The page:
Bees and bros: What I learned from the band life

ABOUT A BRO - Ralph Mendoza (The Philippine Star) - October 11, 2013 - 12:00am

I was part of a band starting October of 2011 until about two weekends ago. It was a good full year spent hanging with the boys and banging the drums — until about December of 2012 when we quietly French-exited the scene and took an extended break. It was no big deal, really, since bands really do take long breaks like that on the fly. The last thing a band needs is pressure to make new music.

Nine months after, priorities had shifted — people went solo, people got jobs — and to cut to the chase, I was told that the band (Bee Eyes) was planning to go on tour without me. I didn’t ask why. I simply accepted it. Because despite that, I knew that my parting was a timely disclaimer for me to focus on work.

It was a late Friday night at the parking lot when it happened — gangsta — but it was in no way a scene from a movie or anything of that nature. In fact, it was pretty much as chill as the hiatus we had just started to surface from. After things were said and bro hugs eased the tension, I drove home that night knowing it was all good. I had closure and I was proud of what I had contributed to the band as a whole. Now I just wish them all the goodness the universe can possibly offer. Like I said, it was a good full year and I know it ain’t the end of the road as a drummer. I still have my sticks and I know I’ll find myself in the studio again soon enough.

I recently thought to wrap it all up with a short list of things I’ve learned since playing in my first band all the way back in ’02. I hope it helps anyone out there who’s trying to understand the band thing a little better.

Simple beats rule.

Growing up a drummer will always entail wanting to impress with the craziest drum solos possible but as you evolve, you realize that there are more important things like keeping the sound glued from start to end. One of my favorite drummers, Stewart Copeland of The Police, once noticed that very few rock drummers do simple beats anymore. You can see how his workshops espouse a solid backbeat. The 4/4 time signature is rudimentary but it’s actually a philosophy drummers need to understand not only to give the band a beat to follow but unite everyone as well.

Practice a set until you think it’s 11 out of 10 so that there’s a good chance your live set will sound like a 9.5 out of 10.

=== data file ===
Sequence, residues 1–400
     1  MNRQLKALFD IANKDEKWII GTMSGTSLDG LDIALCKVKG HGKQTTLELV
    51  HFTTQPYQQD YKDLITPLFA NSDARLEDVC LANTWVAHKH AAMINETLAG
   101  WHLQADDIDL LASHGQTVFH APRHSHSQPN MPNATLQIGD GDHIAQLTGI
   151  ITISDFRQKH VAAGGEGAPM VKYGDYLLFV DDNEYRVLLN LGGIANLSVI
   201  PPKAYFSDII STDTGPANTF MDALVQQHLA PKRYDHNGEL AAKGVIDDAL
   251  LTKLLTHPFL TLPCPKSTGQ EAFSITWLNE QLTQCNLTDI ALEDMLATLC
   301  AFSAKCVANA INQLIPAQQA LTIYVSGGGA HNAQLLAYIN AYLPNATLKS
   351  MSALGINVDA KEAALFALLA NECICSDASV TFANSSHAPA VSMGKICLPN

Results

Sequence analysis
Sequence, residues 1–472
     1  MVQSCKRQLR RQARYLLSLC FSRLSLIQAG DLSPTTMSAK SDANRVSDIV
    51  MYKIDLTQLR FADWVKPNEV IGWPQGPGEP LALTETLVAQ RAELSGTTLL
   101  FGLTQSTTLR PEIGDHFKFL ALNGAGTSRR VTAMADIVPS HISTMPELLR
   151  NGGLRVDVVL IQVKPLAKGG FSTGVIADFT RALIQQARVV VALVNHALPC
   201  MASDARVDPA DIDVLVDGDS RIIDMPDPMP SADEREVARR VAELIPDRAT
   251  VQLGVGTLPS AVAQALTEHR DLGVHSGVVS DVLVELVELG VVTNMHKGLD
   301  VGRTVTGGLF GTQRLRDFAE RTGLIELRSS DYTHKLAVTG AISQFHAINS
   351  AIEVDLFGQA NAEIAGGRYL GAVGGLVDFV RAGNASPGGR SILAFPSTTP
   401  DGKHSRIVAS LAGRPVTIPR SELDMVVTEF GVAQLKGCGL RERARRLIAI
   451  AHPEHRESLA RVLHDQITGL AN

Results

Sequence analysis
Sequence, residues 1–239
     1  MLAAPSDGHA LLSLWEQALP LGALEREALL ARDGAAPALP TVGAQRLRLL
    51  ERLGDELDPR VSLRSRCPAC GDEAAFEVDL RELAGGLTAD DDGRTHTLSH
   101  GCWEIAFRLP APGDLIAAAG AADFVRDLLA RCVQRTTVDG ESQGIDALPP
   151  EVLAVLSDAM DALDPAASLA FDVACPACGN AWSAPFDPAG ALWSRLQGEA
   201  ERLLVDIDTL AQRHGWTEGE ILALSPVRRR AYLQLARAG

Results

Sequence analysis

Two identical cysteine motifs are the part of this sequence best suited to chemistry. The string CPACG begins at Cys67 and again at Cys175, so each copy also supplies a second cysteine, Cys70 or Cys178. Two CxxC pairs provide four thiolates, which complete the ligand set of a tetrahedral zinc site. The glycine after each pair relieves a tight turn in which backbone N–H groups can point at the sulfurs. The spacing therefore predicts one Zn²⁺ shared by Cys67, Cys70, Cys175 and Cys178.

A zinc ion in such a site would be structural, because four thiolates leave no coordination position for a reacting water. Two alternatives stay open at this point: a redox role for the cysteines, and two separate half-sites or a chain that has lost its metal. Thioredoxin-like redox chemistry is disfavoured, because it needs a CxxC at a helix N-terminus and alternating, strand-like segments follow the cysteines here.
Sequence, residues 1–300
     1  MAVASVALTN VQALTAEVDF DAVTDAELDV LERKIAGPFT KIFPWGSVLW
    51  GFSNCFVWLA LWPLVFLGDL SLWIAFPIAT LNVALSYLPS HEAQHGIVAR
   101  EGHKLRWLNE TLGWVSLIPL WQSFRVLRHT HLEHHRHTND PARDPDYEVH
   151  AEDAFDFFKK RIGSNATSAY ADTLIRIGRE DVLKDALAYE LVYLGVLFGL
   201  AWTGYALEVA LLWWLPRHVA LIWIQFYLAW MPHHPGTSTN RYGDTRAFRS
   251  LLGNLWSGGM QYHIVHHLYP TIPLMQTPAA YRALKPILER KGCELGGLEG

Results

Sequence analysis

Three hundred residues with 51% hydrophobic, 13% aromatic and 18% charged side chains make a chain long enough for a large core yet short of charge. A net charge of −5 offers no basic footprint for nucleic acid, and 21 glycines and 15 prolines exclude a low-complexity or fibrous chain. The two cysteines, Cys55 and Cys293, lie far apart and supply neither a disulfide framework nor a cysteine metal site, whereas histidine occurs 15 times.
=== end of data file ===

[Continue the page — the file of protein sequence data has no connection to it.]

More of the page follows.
The handicap is always higher when you’re live onstage due to a combination of distractions: amplifiers spilling the nastiest feedback, drunk friends patting you onstage, band mates winking, waiters offering drinks while you’re playing, and so on, so you need to practice to the point where your muscle memory can’t fail you when you’re out there. There were times when everything was just so loud, I had to play based on the vocals alone. So it’s just like sports. Train your reflexes. Train your muscle memory. It’s a brain thing.

Don’t take your T-shirt off onstage and risk getting distracted by your own.

The Meiday and Dope MNL gigs I played with Bee Eyes were some of the best saunas I’ve ever melted in, hence the temptation to get half naked, like a lot of drummers before me. But that only works if you’re fit. I’m definitely not, so I know I’m better off with a T-shirt to make sweat art on. I also just realized an electric fan on the floor would have been a good idea. But that’s a totally unnecessary regret right now. The main takeaway here is if you don’t go to the gym, it’s okay, because you’ll pretty much sweat it out onstage anyway.

There’s no Sulit or Craigslist out there for sourcing band members.

Call it networking if you will, but do it with the best intentions. Some of the people you team up with can lead to bros you’ll want to keep for life, so it’s definitely more than just a collab. They can learn from you as much as you can learn from them and that’s how you level up in the RPG of music.

Don’t underestimate what music can lead to.

Just because we’re in a Third World country doesn’t mean we always have to settle for the underdog status. Thanks to the Internet, the music industry has become an ever-upgrading spaceship waiting to be flown. The tools are more available than ever before and putting your music out there can certainly make ripples in the most obscure areas in the world. But like my friend Eyedress recently tweeted, you should do it not because you want to be discovered. Do it for yourself.


Follow the author at ralphmendo.tumblr.com.


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